From the Dome to Your Home
The House of Representatives and the Senate met in regular session this week. The House gave third and final reading to its version of the state budget on Wednesday morning, while the Senate worked through the calendar. The Senate Finance Committee plans to start its work on the House version of the budget on Tuesday.
House passes its version of the state budget
The House of Representatives gave third reading to its version of the budget bill, H3720, early Wednesday morning. The budget largely remained unchanged from the House Ways and Means Committee version of the budget.
The full House included these items in its version of the budget:
- No additional recurring funds in the Local Government Fund leaving the fund at the 2017 budgeted level of $212.6 million. The FY 2017 $12.6 million non-recurring money was not included in the FY 2018 budget.
- Hurricane Matthew FEMA match fully funded.
- Pinnacle Mountain fire FEMA match fully funded.
- Beach renourishment funded at $5 million of $15 million requested.
- One percent of the 2 percent increase in the SCRS and PORS employer contribution rates funded with recurring revenue. The funding reduces the employer contribution rate for SCRS from 13.56 percent to 12.56 percent and PORS from 16.24 percent to 15.24 percent.
Rep. Kirkman Finlay (R – Richland) introduced an amendment to the budget that would have prevented the Municipal Association or any other nongovernmental entity, including a credit card company, from collecting a business license tax. The amendment exempted the Association's existing insurance, telecommunications and insurance brokers' collection programs. The amendment was tabled (or defeated) by a vote of 59 to 46.
H3721, the joint resolution that appropriates dollars from the Capital Reserve Fund, was amended and passed to include a $700,000 appropriation to the Town of Nichols for a federal FEMA match for Hurricane Matthew recovery efforts.
Contact Melissa Carter (firstname.lastname@example.org) at 803.933.1251 for specific information on the budget.
Gas tax bill passed by the Senate Finance Committee
The Senate Finance Committee amended and approved H3516, the bill that increases the gas tax to raise revenue for road maintenance and repair, and sent it to the full Senate for debate. It remains on the Senate contested calendar.
H3516, as it was voted out by the House, raises the motor vehicle user fee by 2 cents per year over the next five years. It also generates new revenue from increases in driver's license fees and sales taxes on cars. The new revenue generated, estimated at $600 million per year, will be placed in a trust fund for road maintenance and repair only. The bill also makes governance changes to the S.C. Department of Transportation Commission by allowing the governor to appoint commissioners with the consent of the General Assembly.
Last week, a special Senate Finance Transportation subcommittee amended H3516 to increase the gas tax 2 cents every year for six years to raise $800 million for roads. The amendment caps the gas tax below Georgia and North Carolina's current tax rates, and strikes the S.C. DOT governance changes included in the House bill. The amendment also raises car sales taxes and other fees. The full Senate Finance Committee amended the bill further to change the car tax structure but yield the same revenue results.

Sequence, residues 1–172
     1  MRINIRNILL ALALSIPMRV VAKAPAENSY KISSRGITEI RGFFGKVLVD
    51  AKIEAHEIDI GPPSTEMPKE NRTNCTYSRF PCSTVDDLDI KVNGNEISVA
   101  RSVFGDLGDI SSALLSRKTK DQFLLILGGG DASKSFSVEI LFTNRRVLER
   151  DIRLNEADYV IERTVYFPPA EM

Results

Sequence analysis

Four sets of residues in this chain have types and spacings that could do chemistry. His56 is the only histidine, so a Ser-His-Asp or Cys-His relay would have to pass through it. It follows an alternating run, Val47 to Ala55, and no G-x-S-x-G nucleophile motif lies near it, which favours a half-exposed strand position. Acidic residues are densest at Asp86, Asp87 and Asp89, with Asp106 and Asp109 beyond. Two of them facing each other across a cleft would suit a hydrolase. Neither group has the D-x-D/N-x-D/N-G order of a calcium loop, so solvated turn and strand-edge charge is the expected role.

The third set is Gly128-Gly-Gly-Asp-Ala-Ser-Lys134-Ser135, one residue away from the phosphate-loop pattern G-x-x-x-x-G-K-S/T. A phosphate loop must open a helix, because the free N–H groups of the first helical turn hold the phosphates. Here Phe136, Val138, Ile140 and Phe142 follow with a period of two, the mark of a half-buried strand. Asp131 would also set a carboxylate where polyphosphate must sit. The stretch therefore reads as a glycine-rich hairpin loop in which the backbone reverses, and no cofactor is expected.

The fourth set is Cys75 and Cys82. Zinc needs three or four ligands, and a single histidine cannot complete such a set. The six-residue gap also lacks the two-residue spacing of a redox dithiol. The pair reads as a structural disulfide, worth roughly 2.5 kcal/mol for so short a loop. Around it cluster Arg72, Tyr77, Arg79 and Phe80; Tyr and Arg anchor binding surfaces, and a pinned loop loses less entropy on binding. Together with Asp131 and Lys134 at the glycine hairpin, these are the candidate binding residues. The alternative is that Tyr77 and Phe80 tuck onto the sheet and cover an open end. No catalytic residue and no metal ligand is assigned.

For questions about the gas tax, contact Scott Slatton (email@example.com) at 803.933.1203.
Business license bills remain in committee
Rep. Bill Sandifer (R – Seneca) and 13 other sponsors introduced two bills, H3650 and H3651, on February 2 that drastically cut city revenues and create tax inequities for small businesses due to special tax exemptions. These bills were recommitted back to the committee for further work and the Municipal Association staff continues to work with business interests and legislative staff to return the bills to the initial intent of standardizing the business license process.
What can you do?
Continue to call your House members and urge them to vote NO on these bills as they are currently written. Encourage them to support continued work to return to the original purpose of streamlining the business license process without exemptions and without control shifted to a state agency. Here are several points to emphasize about these bills:
Removes local authority: Takes authority from locally elected city councils and gives it to a state agency resulting in growing state government and bureaucracy.
Hands out exemptions to special interests: Picks winners and losers by handing out tax exemptions to some businesses which guarantees tax increases for others.
Creates ambiguities and inconsistencies: Generates confusion with ambiguous language that complicates the business licensing process for cities and businesses instead of streamlining it.
Reduces revenue to cities: Contact Melissa Carter (firstname.lastname@example.org) at 803.933.1251 for assistance on estimating the financial impact this bill would have on your city or town.
As you talk to your legislators about this bill, please share any feedback with Casey Fields (email@example.com) at 803.933.1256. For questions on these bills, contact Miriam Hair (firstname.lastname@example.org) at 803.933.1204 or Melissa Carter (email@example.com) at 803.933.1251.
Weekly Bill Introductions
Access bills that were introduced this week and bills that received action from a subcommittee or committee through our legislative tracking system complete with short summaries. Visit the legislative tracking system to see and comment on all bills pending in the House and Senate.